Why centenarians consistently present a younger epigenetic age than their chronological age
Aging is a progressive time-dependent biological process affecting individuals differentially. Some may present exceptional longevity. One of the hallmarks of aging is epigenetic alterations, which comprise the epigenetic drift and clock at DNA methylation level.
In a new study published in Aging, researchers Antoine Daunay, Lise M. Hardy, Yosra Bouyacoub, Mourad Sahbatou, Mathilde Touvier, Hélène Blanché, Jean-François Deleuze, and Alexandre How-Kit from Foundation Jean Dausset—CEPH, Laboratory of Excellence GenMed, Sorbonne Paris Nord University, University of Paris (CRESS), and Institut François Jacob investigated the DNA methylation-based age (DNAmage) of long-lived French individuals in the CEPH Aging Cohort using four epigenetic clocks.
"In the present study, we estimated the DNA methylation-based age (DNAmage) using four epigenetic clocks based on a small number of CpGs in French centenarians and semi-supercentenarians (CSSC, n=214) as well as nonagenarians' and centenarians' offspring (NCO, n=143) compared to individuals from the French general population (CG, n=149)," report the researchers.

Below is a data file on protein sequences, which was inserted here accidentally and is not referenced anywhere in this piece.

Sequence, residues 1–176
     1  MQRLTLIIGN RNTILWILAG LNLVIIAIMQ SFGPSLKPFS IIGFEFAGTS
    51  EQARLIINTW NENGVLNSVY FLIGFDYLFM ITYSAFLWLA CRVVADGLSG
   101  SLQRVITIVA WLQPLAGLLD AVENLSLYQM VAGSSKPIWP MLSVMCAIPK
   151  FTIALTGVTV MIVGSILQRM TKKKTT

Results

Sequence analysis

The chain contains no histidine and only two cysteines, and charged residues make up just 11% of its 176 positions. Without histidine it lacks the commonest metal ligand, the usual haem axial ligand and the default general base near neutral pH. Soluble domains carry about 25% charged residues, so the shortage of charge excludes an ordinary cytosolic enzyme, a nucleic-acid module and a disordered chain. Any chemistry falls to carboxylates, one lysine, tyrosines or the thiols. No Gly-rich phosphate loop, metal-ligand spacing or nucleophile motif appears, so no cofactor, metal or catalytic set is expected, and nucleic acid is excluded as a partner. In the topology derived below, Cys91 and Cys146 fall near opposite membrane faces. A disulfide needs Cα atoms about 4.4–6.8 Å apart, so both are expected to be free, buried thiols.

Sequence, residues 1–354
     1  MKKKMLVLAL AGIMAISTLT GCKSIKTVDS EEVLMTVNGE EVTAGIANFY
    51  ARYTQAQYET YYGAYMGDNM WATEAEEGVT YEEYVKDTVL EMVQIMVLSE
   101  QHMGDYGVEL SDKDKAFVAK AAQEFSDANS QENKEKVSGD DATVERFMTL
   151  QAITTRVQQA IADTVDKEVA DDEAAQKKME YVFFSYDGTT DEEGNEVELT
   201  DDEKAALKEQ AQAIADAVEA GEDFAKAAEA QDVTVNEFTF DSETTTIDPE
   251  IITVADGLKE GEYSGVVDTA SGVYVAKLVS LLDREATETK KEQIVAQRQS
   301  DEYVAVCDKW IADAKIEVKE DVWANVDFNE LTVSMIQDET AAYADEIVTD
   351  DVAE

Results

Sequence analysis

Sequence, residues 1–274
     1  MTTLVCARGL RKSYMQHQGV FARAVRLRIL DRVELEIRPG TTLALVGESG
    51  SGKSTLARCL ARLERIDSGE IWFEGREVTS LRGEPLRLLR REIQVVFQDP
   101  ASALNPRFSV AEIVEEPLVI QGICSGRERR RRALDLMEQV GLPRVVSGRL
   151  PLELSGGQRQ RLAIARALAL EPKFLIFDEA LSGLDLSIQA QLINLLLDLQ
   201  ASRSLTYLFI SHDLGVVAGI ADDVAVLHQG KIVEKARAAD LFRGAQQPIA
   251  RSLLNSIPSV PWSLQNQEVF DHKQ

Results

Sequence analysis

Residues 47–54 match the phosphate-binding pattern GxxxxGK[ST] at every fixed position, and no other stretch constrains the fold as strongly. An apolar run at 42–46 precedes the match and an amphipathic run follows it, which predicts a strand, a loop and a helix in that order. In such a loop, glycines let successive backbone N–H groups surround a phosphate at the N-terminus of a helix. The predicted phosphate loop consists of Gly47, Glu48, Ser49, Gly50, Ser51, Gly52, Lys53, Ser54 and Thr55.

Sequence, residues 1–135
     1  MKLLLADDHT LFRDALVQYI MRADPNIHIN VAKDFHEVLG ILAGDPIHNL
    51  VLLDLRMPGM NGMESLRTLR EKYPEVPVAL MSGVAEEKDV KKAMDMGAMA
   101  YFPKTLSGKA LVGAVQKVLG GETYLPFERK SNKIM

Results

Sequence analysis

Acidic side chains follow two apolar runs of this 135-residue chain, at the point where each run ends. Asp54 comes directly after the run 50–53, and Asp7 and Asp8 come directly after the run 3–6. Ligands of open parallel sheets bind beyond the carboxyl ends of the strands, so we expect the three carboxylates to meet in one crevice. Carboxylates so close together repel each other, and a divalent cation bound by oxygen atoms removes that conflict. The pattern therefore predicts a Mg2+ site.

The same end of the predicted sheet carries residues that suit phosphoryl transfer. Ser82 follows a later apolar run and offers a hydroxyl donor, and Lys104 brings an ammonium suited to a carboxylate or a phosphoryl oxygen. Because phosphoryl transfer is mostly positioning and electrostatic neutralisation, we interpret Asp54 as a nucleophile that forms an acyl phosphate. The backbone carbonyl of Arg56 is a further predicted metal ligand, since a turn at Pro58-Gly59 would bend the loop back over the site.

DNA methylation analysis of the nine CpGs included in the epigenetic clocks showed high correlation with chronological age (-0.66>R>0.54) and also the presence of an epigenetic drift for four CpGs that was only visible in CSSC. DNAmage analysis showed that CSSC and to a lesser extend NCO present a younger DNAmage than their chronological age (15-28.5 years for CSSC, 4.4-11.5 years for NCO and 4.2-8.2 years for CG), which were strongly significant in CSSC compared to CG (p-values<2.2e-16).
These differences suggest that epigenetic aging and potentially biological aging are slowed in exceptionally long-lived individuals and that epigenetic clocks based on a small number of CpGs are sufficient to reveal alterations of the global epigenetic clock.
"This suggests a decelerated epigenetic and biological aging in these two groups of individuals, confirming the results of three other studies performed on Italian, Australian and Israeli long-lived individuals. In addition, our study also demonstrated the possibility of using epigenetic clocks based on a small number of CpG sites to reveal DNAmage and chronological age differences between individuals with different life expectancy."
More information: Antoine Daunay et al, Centenarians consistently present a younger epigenetic age than their chronological age with four epigenetic clocks based on a small number of CpG sites, Aging (2022). DOI: 10.18632/aging.204316